Ian Dickens Productions
Civic Theatre, Darlington, and touring
Francis Durbridge is one of the worlds most prolific thriller writers and his name is synonymous with intricately detailed and beautifully written whodunits. Fatal Encounter is the fourth of Durbridges plays to be staged by theatre impresario Ian Dickens, and he has done a jolly good job of it to boot.
The story revolves around Joanna Mansfield, played by the wonderful Anita Harris, the wife of a successful publisher, Howard Mansfield (Michael Howe). For quite some time, Joanna has been acting rather strangely and her neurosis, paranoia and general jumpiness are beginning to cause Howard concern.
A series of bizarre events, including her handbag being stolen during a mugging then being left outside the couples front door with contents fully intact, lead up to Howard returning home one evening to find that Joanna has shot Perry Kingsley (Aaron Bixley), the husband of her best friend, Grace (Susan Skipper). In an effort to protect his fragile, vulnerable wife, Howard elects to take the rap for the shooting himself and, unwittingly, embroils himself in a world of international blackmail and conspiracy.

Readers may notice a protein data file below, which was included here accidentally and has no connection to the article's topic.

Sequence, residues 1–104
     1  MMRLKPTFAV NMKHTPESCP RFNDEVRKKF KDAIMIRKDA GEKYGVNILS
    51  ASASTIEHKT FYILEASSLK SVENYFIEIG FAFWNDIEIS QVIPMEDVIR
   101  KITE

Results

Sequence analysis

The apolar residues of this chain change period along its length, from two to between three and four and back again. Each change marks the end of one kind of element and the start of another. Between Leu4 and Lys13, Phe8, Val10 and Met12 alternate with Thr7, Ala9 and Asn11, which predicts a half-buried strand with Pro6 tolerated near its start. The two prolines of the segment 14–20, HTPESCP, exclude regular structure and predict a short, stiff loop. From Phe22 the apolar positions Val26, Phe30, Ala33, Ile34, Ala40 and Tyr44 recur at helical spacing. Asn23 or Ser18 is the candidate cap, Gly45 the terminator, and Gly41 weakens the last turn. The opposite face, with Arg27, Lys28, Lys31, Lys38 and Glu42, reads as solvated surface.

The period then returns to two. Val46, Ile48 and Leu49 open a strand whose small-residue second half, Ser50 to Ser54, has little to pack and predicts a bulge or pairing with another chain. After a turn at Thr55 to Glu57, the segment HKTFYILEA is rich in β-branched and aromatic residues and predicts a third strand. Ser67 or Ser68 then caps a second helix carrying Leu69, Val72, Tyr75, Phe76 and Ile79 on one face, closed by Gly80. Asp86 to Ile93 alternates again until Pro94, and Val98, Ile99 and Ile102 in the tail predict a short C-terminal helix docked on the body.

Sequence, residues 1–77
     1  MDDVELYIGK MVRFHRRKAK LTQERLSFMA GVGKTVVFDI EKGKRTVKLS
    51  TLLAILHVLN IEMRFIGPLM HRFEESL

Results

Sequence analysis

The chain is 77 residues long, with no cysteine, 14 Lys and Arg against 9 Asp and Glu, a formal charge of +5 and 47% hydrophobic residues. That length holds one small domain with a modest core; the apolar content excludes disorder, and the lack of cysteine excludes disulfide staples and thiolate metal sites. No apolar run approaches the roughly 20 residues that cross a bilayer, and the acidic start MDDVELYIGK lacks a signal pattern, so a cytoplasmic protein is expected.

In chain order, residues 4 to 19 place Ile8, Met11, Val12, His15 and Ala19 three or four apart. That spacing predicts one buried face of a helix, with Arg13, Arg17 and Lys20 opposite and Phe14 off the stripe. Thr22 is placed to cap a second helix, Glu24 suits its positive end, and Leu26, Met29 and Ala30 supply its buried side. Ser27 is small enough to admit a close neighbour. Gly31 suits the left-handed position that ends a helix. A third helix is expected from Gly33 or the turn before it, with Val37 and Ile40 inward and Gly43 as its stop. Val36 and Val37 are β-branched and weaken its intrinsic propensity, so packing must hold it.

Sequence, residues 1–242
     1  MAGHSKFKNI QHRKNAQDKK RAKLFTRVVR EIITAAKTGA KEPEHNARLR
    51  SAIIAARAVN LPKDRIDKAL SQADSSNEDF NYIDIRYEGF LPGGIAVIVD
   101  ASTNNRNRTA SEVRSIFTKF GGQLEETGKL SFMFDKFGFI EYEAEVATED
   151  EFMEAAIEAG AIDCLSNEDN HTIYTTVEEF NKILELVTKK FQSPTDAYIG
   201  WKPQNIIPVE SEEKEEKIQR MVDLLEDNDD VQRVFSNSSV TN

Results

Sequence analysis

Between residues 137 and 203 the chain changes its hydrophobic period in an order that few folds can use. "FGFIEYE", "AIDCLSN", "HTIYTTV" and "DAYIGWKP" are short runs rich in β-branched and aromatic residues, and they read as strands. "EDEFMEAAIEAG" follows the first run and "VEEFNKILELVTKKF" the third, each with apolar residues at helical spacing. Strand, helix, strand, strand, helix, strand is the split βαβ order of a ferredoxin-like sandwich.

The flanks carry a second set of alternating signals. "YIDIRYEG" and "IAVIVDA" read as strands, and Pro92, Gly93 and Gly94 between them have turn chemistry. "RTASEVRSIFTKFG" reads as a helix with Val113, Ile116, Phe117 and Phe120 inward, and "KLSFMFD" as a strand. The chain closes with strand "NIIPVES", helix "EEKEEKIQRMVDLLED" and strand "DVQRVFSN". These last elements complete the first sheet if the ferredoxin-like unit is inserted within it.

Anita Harris is on top form in the role of Joanna and her performance is so accomplished that, despite the skill and talent of her co-stars, she dominates the entire piece. That said, the performances given by Nicholas Ball as the dogged detective Inspector Coldwell, Neil Stacy as the suave, sophisticated art dealer Mark Adler, Susan Skipper as the rather beautiful best friend, and Michael Howe as the harassed husband, are entirely commendable. A supporting cast made up of Aaron Bixley, Michael Kirk, Miranda Magee and Michael Carrington serve the principals admirably.
Durbridges script crackles along at a rip-roaring pace and he throws plenty of red herrings into the mix, confounding even the most diligent of audience members. Ian Dickenss direction is sharp and dynamic, keeping the momentum up throughout.
The action takes place in the home of Howard and Joanna Mansfield, at 28 Clifton Place in Holland Park, and the wonderful set is beautifully dressed. In fact, the only mystery that remained unsolved at the end of the performance was who should be given the credit for its design. I could find no credit in the programme notes.
This production of Fatal Encounter is a resounding success and is highly recommended.
Touring to Tunbridge Wells and Plymouth
Sheila Connor reviewed this production in Guildford
Reviewer: Steve Burbridge